The present study aims to explore the acquisition order of eight English grammatical inflectional morphemes, i.e. plurals , possessive-s', third person singular, present tenses , past tense-ed, present participle-ing, past participle-en, comparative-er, and superlative-est by young Sindhi ESL (English as second language learners) learners at the high school. The study aimed to test the hypothesis that the high school English learners do not follow the universal order of grammatical morphemes and to investigate the effect of linguistic interference of L1 (Sindhi) in the acquisition order of English grammatical morphemes. The primary instrument used for data collection in this study was written essays. The time gap between first and second samplings was around three months. A mixed methods research design was utilized. The study used an exploratory-descriptive-qualitative methods coupled with a quantitative as per the objectives of the study corresponding to the research questions. A convenience sampling technique was employed to select participants from 10th Grade level. Specifically, the data was analyzed using the Dulay and Burt (1974) scoring method. The statistical tests were utilized to test the null hypothesis. The data confirmed that they indeed do not follow the universal order of grammatical morphemes. There exists the effect of linguistic inference of L1 in the ABOUT THE AUTHOR Abdul Malik Abbasi is a Ph.D. in Linguistics (2016) with a specialization in Experimental Phonetics. The phonetics-phonology interface, speech perception & production, corpus-based approaches, English language teaching to ESL learners. Dr. Malik conducted research in intonational phonology, morphology and the lexical-stress interface; designed speech production experiments; analyzed large audio datasets using computational methods; contributed to technical writing and scientific presentations.
The techno-economic selection of an appropriate light source poses a significant challenge in areas experiencing power and energy crises, such as Pakistan, as electric lamps have become prevalent in domestic, commercial, and industrial settings. The ultimate choice is significantly affected by the conversion efficiencies, efficacies, useful working hours, life cycles, harmonics, and power factors of light lamps. An experimental study has been carried out to measure voltage and current harmonic distortions generated by various commercial fluorescent tubes, compact fluorescent lamps (CFL) and light-emitting diodes (LED) array lamps. The experiments were conducted using the conventional utility Pakistan Electric Power Company (PEPCO) source and an autonomous generator set Total Harmonic Distortion (THDv ≤ 2) to observe authentic power losses linked with harmonics. According to the results, the power loss range caused by distorted power factor is (30 to 35%), (1.5 to 28%), and (1% to 5%) for CFL, tube lights, and LED, respectively. The presence of high order harmonics leads to increased power utilization beyond the rated capacity, thereby augmenting the losses. Based on a comprehensive parametric analysis of a wide range of lamps, LED lamps emerge as the optimal choice for power conservation and environmental preservation. This suggests the need for frugality adaptation in conjunction with enhancing machine efficiency, efficient power end-use, and energy conservation practices for the purpose of conserving electricity.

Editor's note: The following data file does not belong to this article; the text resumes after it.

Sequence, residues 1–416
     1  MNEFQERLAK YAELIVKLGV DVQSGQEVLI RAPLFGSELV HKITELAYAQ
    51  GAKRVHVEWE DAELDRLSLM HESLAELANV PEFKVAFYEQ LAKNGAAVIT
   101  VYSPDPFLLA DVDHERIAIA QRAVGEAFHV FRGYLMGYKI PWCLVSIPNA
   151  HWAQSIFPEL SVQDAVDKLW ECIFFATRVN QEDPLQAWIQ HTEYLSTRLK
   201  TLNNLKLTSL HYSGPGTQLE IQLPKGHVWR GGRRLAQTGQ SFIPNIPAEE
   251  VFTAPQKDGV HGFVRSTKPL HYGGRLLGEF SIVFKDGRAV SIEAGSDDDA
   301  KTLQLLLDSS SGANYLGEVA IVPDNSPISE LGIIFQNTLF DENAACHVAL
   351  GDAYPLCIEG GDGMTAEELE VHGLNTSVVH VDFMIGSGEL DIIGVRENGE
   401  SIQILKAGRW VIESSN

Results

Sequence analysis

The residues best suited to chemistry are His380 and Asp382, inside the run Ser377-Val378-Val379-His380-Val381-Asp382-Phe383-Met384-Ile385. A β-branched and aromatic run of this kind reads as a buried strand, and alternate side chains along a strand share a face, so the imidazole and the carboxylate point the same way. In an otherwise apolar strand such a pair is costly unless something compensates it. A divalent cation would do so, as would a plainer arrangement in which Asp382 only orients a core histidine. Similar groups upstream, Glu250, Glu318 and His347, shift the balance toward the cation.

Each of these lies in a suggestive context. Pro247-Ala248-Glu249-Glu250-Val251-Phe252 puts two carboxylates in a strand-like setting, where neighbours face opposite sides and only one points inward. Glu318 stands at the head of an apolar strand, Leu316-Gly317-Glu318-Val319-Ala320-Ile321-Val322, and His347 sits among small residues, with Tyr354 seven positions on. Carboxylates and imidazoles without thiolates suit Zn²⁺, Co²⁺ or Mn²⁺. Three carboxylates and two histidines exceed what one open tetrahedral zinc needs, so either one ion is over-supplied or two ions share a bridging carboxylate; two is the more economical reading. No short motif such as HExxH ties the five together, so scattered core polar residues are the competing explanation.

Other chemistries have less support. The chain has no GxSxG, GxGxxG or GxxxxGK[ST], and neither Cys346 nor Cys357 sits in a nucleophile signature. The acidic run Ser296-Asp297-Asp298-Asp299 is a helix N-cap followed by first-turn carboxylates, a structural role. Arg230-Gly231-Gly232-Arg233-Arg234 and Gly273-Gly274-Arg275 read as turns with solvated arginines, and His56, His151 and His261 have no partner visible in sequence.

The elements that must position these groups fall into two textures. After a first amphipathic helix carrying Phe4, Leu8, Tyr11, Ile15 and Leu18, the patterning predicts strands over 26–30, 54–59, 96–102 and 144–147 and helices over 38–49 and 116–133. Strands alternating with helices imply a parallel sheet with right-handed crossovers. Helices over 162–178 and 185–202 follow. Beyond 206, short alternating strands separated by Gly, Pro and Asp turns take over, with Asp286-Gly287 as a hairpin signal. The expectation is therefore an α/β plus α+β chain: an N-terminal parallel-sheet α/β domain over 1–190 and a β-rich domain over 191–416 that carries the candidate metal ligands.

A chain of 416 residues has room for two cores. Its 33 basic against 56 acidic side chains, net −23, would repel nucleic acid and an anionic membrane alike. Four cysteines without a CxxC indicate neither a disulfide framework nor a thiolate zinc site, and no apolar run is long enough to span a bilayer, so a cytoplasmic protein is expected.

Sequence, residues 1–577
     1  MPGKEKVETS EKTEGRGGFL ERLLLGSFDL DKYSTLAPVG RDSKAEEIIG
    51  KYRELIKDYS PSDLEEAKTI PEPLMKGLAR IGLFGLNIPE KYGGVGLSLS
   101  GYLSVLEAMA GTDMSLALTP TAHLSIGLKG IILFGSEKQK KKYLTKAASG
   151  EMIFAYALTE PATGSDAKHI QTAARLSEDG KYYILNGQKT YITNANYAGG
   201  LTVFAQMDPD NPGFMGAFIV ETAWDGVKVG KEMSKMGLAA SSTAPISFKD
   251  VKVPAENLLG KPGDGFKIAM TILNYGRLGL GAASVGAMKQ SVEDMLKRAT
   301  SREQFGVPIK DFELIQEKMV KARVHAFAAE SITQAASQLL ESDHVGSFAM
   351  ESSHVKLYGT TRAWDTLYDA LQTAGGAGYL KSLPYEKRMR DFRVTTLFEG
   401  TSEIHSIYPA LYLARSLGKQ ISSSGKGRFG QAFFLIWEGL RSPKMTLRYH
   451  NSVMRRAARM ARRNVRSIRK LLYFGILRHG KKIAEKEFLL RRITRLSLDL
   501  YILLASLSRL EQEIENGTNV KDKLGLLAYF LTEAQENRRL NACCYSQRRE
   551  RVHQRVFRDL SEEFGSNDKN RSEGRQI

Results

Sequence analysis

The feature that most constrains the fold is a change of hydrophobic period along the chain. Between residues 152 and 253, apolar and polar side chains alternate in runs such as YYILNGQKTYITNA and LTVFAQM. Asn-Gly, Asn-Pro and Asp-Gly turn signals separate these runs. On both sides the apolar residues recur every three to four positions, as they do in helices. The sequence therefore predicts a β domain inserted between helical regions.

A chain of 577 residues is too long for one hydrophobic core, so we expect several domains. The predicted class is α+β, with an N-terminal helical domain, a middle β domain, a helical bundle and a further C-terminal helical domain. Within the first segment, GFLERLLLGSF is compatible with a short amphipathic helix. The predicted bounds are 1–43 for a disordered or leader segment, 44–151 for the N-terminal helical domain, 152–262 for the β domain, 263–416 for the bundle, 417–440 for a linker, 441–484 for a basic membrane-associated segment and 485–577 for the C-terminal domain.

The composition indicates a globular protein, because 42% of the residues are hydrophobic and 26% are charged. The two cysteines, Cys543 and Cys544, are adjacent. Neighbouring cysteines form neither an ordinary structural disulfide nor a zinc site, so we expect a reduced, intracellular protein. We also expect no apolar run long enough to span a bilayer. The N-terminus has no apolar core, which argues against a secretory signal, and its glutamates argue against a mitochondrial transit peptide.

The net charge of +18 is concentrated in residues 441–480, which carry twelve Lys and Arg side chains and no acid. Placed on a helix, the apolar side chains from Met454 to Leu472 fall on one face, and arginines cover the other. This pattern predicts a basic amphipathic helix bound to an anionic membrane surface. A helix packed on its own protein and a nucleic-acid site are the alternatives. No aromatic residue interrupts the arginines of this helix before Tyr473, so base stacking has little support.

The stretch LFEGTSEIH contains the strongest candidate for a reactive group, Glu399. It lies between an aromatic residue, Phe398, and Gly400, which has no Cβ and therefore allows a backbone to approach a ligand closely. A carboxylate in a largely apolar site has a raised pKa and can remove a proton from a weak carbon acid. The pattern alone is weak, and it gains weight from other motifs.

Counterintuitive to the generally prevailing positive view of political skill, we suggest that this social competency also has the potential to foster dysfunctional outcomes for organizations. Drawing insights from moral licensing theory, the study examines a framework that explains how politically skilled employees strategize to fulfill their self-serving objectives through leader-member exchange (LMX) relations. The findings from a multi-source sample of 250 private sector employees supported our proposed framework and demonstrated that political skill is indirectly related to self-serving counterproductive behaviors through LMX, with psychological entitlement as an important boundary condition. The study’s implications, its strengths and limitations, and future research directions are also discussed. JEL Classification: D23
Equitable water allocation in real-world irrigation systems is hampered by supply fluctuations, posing a significant challenge to the goal of promoting fairness among consumers. In this paper, we concern ourselves with the limits of equity achievable for any water allocation scheme across the entire spectrum of water supply conditions. In the process, we develop a typology of canonical water allocation mechanisms that categorizes mechanisms w.r.t. the distribution of fulfilled demand across the users. Adopting specific notions of supply reliability and distribution equity, we derive the theoretical performance limits for all canonical mechanisms and extend the analysis to arbitrary allocation mechanisms. We show that for any value of supply reliability, the best possible equity is realized by mechanisms that uniformly distribute water among users, whereas the worst possible equity is associated with mechanisms that prioritize the demand of some users before allocating water to others. We also show that any intermediate equity level can be realized by adjusting the initial entitlements prior to allocating water to fulfill demands, in an approach we categorize as hybrid allocation. We parameterize the performance boundaries for such allocation schemes based on the fraction of supply allocated to initial entitlements. We discuss how this parameter can serve as a policy tool to balance the goals of equitable water access with other system-level objectives. In the end, we complement the analytical results with numerical simulations of a selected agricultural district from a real-world irrigation system and speculate about the application of our study to large-scale hierarchical systems.